When grabbing a snack from a food truck, you’re likely to find delicious fillings wrapped in a tidy packet of dough. It’s easy to visualize the way handheld foods, like empanadas or dumplings, form a half-moon shape. But, until recently, researchers have known far less about how wrapped objects behave at a microscopic scale.
Enter Joseph Paulsen, assistant professor of physics in Syracuse University’s College of Arts and Sciences, who is the co-author of a new report in Nature Materials. He says the mechanics are remarkably similar.
Paulsen researches soft condensed matter physics or, “the study of things that are squishy,” he explains. This area of research focuses on substances that can be easily bent or deformed, such as liquids, foams, and gels. In this case, Paulsen and colleagues investigated the way very thin elastic sheets wrap droplets of water.
Wrapping droplets may come in handy when dealing with dangerous or delicate liquids. Using thin sheets to cover droplets, instead of conventional substances like the surfactant molecules in soap, provides unique advantages, including creating a stronger barrier.
Paulsen wrapped drops of water with elastic sheets 1,000 times thinner than a human hair to understand the mechanisms of containment when a wrapper offers almost no resistance to bending. The team expected to find the sheets wrapping drops in a spherical shape, like a tiny drop of dew. “What was surprising is that the wrapped droplets look like street foods – like a calzone or an empanada”, Paulsen says.
In order to figure out why wrapped droplets aren’t spherical, Paulsen teamed up with Vincent Démery, a theoretical physicist, while they were both postdoctoral researchers at the University of Massachusetts, Amherst, working with experimental physicist Narayanan Menon, theoretical physicists Benjamin Davidovitch and Christian Santangelo, and polymer scientist Thomas Russell. By mathematically modeling wrapped droplet shapes, the researchers discovered that the characteristic half-moon shape arose from a fairly simple principle. “The polygonal shapes are more efficient at covering the drop, meaning that less area of the drop remains exposed to the outer liquid,” Démery explained.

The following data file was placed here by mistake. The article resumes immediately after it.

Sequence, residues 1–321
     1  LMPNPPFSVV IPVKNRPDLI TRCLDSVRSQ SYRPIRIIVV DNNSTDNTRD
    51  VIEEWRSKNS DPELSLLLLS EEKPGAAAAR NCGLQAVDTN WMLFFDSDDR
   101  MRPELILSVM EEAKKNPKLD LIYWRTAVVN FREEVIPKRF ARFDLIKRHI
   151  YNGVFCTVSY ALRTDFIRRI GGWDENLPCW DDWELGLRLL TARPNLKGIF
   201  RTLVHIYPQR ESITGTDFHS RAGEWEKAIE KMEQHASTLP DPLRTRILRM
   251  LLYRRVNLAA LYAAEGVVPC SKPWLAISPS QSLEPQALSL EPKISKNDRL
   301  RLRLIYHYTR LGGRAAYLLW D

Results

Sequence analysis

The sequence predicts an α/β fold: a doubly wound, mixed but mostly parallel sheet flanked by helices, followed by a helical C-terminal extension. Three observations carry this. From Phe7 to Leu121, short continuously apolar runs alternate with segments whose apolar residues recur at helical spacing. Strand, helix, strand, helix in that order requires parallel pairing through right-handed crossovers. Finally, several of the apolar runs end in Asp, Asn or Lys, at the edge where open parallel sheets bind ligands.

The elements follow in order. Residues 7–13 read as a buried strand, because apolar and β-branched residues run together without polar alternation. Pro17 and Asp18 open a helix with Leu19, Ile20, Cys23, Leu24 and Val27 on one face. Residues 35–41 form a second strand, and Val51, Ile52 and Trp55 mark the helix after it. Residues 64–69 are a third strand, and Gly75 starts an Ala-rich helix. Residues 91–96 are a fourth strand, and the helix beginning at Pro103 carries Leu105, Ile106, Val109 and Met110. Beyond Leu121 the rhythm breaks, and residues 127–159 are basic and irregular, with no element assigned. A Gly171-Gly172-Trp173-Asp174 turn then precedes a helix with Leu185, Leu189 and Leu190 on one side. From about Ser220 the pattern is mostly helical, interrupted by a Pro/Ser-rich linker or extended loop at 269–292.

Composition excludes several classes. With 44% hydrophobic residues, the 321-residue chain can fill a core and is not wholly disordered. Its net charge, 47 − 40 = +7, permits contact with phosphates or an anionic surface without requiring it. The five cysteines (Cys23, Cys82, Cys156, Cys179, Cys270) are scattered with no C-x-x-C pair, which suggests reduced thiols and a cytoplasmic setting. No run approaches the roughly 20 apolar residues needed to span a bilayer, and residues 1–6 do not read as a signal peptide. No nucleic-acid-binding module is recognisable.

The team also discovered that sometimes the simplest answer is the most informative– at least when it comes to predicting wrapped shapes. The wrapping of each droplet creates its own pattern of folds, crumples, and wrinkles as the sheet collapses around the liquid. The researchers found that these intricacies could be ignored when predicting the final conformation. All that mattered was identifying the most efficient three-dimensional shape.
Paulsen experimentally investigated wrapping by devising clever methodologies to place a delicate elastic sheet on a water droplet immersed in oil, “sort of like a polar cap” Paulsen says. As liquid from the droplet was slowly sucked out through a small straw, the thin sheet collapsed around the droplet.
Publishing in Nature Materials is a thrilling reward for the team’s hard work Paulsen says. “It’s a journal that has high visibility and will let a lot of people see this work and develop this type of research further.”
Paulsen, one of two new faculty in the Department of Physics, earned a Ph.D. from the University of Chicago.
To watch a drop being wrapped, click here.